You may recall the Seinfeld episode in which Jerry and his girlfriend, Rachel, go to see Schindler's List and, finally alone and away from Jerry’s visiting parents, proceed to make out through the entire film. Unbeknownst to Jerry, Newman is seated in the back of the cinema and witnesses the whole, objectionable display. Newman wastes no time in telling Jerry’s parents, Helen and Morty, who later confront Jerry upon his return home:
Helen: How could you?
Jerry: How could I what?
Helen: You were making out during Schindler’s List?
Jerry: What? No.
Morty: Don’t lie, Jerry.
Jerry: (turns, grimacing): Newman.
Helen: How could you do such a thing?
Jerry: I couldn't help it. We hadn't been alone together in a long time and we just kinda started up a little during the coming attractions and the next thing we knew, the war was over.
Rachel’s father also learns of the inappropriate make-out session (from none other than Newman, his postman) and thereafter forbids Jerry—“someone of such weak, moral fiber”—from seeing his daughter again.
Perhaps I'm being too judgmental, but I think two lovebirds stealing kisses in the middle of what can be described as a Holocaust-remembrance museum rises to same level of absurdity as the Seinfeld-Schindler’s List story line. And trust me when I tell you, the Schindler Factory museum is simply one of the last places you’d think you’d have to advise people to get a room.
|Schindler's List movie memorabilia displayed|
in the museum's "Film Cafe"
I finished touring the museum and returned to the hostel with a renewed interest in everything Schindler’s List. I thought it would be interesting to watch the film once more while in Krakow, so I searched the internet for a legal way to get my hands on it. Unfortunately I couldn’t find a place to purchase or rent it online (as Netflix and similar sites don’t stream in these parts), so I relied on various online articles and short snippets to refresh my recollection. That’s when I ran across an interesting Seinfeld-Spielberg-Schindler’s List connection heretofore not known to me.
I read that—considering the subject matter—the making of Schindler’s List was understandably difficult for members of the cast and crew. Spielberg himself purportedly said that he “cried all the time” during filming; in fact, there was little humor on the set for obvious reasons. So, to temper the depressive feelings engendered by the reenactment of tragic events, Spielberg reportedly had episodes of Seinfeld delivered to his hotel for viewing after long, arduous days of shooting. In later interviews, both Jerry Seinfeld and Julia Louis-Dreyfus (Elaine) discussed the connection between Spielberg’s viewing of Seinfeld during the filming and The Raincoats-Schindler’s List episode, which aired the next season.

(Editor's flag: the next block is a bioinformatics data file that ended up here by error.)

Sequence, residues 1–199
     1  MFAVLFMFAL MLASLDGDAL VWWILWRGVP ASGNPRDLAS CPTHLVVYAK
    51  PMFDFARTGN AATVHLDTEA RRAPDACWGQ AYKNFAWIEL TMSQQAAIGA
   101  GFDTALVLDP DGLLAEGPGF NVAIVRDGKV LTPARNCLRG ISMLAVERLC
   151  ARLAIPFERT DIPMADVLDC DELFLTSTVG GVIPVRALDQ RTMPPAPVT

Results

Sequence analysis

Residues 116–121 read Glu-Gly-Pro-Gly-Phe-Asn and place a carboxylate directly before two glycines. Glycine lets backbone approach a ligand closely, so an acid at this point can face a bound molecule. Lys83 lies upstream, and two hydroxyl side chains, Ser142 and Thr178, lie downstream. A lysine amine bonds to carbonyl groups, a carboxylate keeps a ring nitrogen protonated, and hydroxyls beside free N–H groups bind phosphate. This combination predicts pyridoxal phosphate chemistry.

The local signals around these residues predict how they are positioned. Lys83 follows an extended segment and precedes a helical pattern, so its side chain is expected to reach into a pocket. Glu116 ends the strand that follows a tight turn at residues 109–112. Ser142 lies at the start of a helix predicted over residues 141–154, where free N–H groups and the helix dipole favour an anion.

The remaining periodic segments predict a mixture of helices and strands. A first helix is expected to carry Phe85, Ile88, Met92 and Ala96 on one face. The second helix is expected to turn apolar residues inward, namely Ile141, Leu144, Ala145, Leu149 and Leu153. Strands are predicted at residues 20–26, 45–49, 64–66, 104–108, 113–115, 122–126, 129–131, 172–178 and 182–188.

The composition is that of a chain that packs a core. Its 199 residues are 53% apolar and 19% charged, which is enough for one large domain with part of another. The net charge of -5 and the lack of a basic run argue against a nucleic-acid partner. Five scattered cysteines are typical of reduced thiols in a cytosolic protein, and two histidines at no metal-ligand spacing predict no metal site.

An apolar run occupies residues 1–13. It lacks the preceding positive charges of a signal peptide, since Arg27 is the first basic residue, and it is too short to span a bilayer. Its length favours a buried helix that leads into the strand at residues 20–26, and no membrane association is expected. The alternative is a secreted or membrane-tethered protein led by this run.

Of course for days now I’ve been wishing that I had packed some of my own Seinfeld DVDs, particularly as I prepare to visit Auschwitz-Birkenau later this week. But then today, reflecting upon the two Auschwitz-survivor memoirs I’ve read since my arrival in Krakow, I realized how patently absurd my own thinking has been. Here I am about to visit a place where the most horrifying deprivations in the history of humankind took place, and I’m lamenting the fact that I won’t have the comfort of Jerry-George-Kramer-and-Elaine to get me through the witnessing of its historical reminders.
Yes, that perspective sure is a slippery little sucker, but I think I’ve got a grasp on it now.